Berlin, CT (June 30, 2016)—Everyone wants modern sound quality when they go on tour, but that kind of gear requires both space and a lot of hands to lift it. Earlier this year, when production manager/FOH engineer Eugene “Geno” Mulcahy played U.S. Navy vessels and military installations in the Middle East and Europe with The Frontmen of Country Music, he had to go a bit smaller and lighter. The result? He carried a selection of mics and a QSC TouchMix compact digital mixer in his backpack.
“Space is extremely limited on military aircraft, so I had the monumental task of having to travel lightly but still have powerful audio tools to support my clients,” says Mulcahy, who has worked with The Frontmen since 2009. “I need the ability to archive every show and also produce a consistent sound from venue to venue and night after night. With space at a premium, carrying a regular console was out of the question. So I reached for my QSC TouchMix, my microphone package and my backpack, and away I went.”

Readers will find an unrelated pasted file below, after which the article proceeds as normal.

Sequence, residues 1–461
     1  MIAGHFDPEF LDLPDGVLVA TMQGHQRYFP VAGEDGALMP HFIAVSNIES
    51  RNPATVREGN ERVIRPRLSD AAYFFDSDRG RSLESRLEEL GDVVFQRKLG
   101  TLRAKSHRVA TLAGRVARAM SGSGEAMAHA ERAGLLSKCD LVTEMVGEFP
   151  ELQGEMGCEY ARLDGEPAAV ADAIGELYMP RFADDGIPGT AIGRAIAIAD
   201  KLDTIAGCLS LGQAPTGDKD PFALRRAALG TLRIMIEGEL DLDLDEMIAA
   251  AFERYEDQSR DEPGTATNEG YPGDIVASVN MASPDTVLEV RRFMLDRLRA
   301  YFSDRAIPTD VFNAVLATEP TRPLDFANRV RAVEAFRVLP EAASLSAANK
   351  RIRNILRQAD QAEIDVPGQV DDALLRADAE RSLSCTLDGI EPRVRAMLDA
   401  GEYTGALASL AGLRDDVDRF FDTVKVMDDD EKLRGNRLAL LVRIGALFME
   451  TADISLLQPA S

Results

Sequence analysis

Mulcahy remarked, “It’s a real pro mixer,” he says. “It (TouchMIx-16) has 10 auxes plus four effects engines, it does multitrack recording and mixing, and it has recall. Oh, and it sounds great.”
The lineup of The Frontmen of Country Music on this tour, which was sponsored by the U.S. military’s Morale, Welfare and Recreation (MWR), comprised Richie McDonald, of the band Lonestar, Tim Rushlow, formerly of Little Texas, Larry Stewart of Restless Heart and Donnie Reis of The Donnie Reis Band. “It was an all-acoustic show with vocals, acoustic guitars and electric piano. It was 10 tracks: I used Telefunken Elektroakoustik M80 mics on the vocals, a pair of M60s for house mics and Radial DI boxes,” he says.
“My soundcheck on day one was in the desert in Bahrain, hitting presets and renaming them. The presets are the biggest thing with this desk. People ask me, ‘Why does the desk sound good?’ I say, just use the presets; they really work. I also truly enjoyed the studio quality effects engines. Those processors produced the signature effects that are critical to my show. It didn’t matter where we were; I just plugged the TouchMix in, reset, recalled and we were ready.”
On the U.S.S. Harry S. Truman (CVN-75) aircraft carrier, on active duty in the Persian Gulf, Mulcahy was approached by the ship’s band, Shark Bait. “They asked if they could plug in. I said yes, we can use my vocal mics and I’ve got a few extra channels. So I was able to mix the opening act on the same board. At the end of the show, I gave them their cables back, put the TouchMix in my backpack and away I went.”